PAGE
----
Skip to main content

Finance for Climate Action Reaching People Who Need It

CANCUN, MEXICO – From the world’s largest solar power program in North Africa to the greening of Mexico’s buses, more than 40 developing countries have now undertaken climate action with the support of the six billion dollar Climate Investment Funds (CIF).

Joined today in Cancun by President Felipe Calderon of Mexico, the multilateral development bank (MDB) presidents heralded the two year old Funds as a path-breaking climate partnership.

Noting the rapid progress made, the presidents signaled that this engagement by developing countries creates an unprecedented opportunity for scaling up the response globally on climate-smart approaches to development.

At a time of constrained donor resources, these funds have proven that they can generate robust financial leverage. Every $1 invested in the $4.4 billion Clean Technology Fund, a major CIF component, is projected to attract $8 in co-financing from the MDBs, governments, the private sector and other development partners. In other words, it will leverage an additional $35 billion resulting in some $40 billion for clean energy investment, with 30% from the private sector.

Luis Alberto Moreno of the Inter-American Development Bank, Haruhiko Kuroda of the Asian Development Bank and Robert B. Zoellick of the World Bank Group – three of the five CIF partners, along with the African Development Bank  and the European Bank for Reconstruction and Development – laid out facts showing that developing countries are setting their own national and regional solutions in motion both for mitigation and climate resilience, in the face of political, financial and technical uncertainty and urgent country need.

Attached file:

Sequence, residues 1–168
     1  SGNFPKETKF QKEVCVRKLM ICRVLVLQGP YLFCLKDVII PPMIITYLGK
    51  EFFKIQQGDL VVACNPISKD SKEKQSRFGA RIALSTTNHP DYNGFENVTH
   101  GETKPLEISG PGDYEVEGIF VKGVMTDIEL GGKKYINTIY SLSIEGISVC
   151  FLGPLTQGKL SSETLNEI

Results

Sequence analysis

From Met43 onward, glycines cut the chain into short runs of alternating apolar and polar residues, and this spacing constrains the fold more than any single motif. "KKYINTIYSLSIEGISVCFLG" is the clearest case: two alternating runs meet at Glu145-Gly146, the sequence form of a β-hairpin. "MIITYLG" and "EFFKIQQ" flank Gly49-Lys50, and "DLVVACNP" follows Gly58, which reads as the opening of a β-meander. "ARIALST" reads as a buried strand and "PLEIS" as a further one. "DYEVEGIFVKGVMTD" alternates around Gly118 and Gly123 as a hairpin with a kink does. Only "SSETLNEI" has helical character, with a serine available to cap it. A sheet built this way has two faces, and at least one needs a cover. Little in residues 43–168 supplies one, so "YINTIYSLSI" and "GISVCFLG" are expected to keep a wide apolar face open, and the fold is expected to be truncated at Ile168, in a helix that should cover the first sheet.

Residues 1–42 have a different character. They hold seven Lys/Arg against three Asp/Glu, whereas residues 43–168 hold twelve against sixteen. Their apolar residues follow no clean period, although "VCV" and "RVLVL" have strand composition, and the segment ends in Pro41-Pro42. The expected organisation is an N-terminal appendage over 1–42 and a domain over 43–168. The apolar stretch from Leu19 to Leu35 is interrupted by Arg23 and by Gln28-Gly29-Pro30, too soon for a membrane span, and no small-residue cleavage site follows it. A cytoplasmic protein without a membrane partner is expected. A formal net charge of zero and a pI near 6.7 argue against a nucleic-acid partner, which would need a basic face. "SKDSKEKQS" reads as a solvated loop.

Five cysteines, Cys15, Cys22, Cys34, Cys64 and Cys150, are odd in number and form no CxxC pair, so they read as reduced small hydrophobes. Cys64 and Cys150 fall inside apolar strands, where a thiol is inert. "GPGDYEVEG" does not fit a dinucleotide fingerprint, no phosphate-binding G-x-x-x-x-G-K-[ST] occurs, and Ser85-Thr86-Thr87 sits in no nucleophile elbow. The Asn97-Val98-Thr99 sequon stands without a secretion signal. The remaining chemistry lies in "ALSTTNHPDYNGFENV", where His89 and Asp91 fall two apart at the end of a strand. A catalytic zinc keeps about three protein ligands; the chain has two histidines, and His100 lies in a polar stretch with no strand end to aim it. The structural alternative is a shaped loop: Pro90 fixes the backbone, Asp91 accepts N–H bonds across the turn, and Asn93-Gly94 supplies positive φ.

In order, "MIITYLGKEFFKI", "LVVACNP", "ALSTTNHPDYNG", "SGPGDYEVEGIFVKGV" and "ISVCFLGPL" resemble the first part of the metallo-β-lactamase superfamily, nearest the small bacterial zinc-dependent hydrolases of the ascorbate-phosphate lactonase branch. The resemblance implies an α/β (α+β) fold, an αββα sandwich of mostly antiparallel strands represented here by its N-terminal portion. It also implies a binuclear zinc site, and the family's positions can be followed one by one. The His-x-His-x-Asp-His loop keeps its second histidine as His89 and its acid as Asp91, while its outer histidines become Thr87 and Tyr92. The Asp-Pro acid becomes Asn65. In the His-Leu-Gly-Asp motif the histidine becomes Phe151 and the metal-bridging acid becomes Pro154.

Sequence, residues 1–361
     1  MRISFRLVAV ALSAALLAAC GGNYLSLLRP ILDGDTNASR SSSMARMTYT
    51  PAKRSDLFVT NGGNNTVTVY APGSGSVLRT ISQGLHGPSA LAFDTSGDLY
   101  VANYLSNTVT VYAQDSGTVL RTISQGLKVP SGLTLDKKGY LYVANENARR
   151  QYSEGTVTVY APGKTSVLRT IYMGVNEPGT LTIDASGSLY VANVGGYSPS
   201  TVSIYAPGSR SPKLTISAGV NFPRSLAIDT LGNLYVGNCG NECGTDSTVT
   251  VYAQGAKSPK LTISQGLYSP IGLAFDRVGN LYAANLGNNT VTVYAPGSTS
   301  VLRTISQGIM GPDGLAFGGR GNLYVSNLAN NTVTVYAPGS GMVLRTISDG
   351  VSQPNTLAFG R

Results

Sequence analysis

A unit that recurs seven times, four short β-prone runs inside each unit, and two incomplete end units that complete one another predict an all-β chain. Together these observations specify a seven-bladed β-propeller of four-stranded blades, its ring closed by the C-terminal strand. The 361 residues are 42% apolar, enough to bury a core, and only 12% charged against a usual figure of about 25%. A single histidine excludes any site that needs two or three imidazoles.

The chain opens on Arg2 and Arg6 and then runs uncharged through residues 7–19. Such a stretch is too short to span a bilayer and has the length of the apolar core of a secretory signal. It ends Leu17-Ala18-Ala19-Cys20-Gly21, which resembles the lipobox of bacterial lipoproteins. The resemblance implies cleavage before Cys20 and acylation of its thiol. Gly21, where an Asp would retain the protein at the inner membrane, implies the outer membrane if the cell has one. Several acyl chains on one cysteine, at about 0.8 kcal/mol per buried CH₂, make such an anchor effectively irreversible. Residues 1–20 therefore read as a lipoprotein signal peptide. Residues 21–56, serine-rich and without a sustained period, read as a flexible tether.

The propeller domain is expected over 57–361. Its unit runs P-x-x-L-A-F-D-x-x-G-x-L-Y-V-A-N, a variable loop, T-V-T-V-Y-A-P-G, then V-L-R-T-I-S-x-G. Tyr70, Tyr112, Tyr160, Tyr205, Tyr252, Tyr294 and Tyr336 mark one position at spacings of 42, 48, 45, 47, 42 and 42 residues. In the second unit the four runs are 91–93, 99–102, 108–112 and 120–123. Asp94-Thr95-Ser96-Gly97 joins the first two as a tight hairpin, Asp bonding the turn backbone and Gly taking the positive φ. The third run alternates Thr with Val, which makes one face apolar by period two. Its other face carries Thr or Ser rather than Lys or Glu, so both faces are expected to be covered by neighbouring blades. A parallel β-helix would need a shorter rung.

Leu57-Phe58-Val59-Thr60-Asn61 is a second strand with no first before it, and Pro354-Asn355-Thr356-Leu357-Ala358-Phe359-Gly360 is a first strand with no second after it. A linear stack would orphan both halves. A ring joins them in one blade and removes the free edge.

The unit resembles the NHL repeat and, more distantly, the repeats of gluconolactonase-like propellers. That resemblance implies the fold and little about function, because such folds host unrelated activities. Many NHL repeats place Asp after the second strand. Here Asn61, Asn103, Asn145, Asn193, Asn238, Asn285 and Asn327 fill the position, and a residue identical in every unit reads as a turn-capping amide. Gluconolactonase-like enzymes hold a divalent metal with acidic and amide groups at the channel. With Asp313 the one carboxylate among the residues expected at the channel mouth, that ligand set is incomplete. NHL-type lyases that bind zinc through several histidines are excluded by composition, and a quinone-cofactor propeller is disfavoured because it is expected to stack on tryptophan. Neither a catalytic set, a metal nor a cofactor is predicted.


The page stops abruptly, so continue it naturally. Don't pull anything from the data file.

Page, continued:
“When we undertook this partnership two years ago, we wanted to address an urgent financing and knowledge gap that our client countries in the developing world were facing.  We hoped that the CIF would serve as a springboard for these countries to get crucial support for greening their economies and building resilience to climate change,” said Zoellick of the World Bank Group, which serves a tripartite role as Trustee, administrator and an implementing agency for the CIF. “But the rapid engagement by such a wide span of countries in every region of the world has reached beyond our expectations. I believe that in the coming years we will see many of these countries – some of them among the poorest and least developed in the world –creating solutions that reshape the way we approach climate-smart development on a global scale.”

At the event hosted by President Calderon, high level representatives from Mexico, Morocco, and Zambia, three of the 45 CIF partner countries, demonstrated how they are transforming their economies and creating solutions which can be picked up by other countries and regions around the world. Actions they presented include:

  • a far-reaching energy efficiency and renewables plan offering climate-friendly transport and energy use in cities across Mexico;
  • a region-wide plan in North Africa and the Middle East to supply electricity to citizens in the region through the world’s largest concentrated solar power generating program; and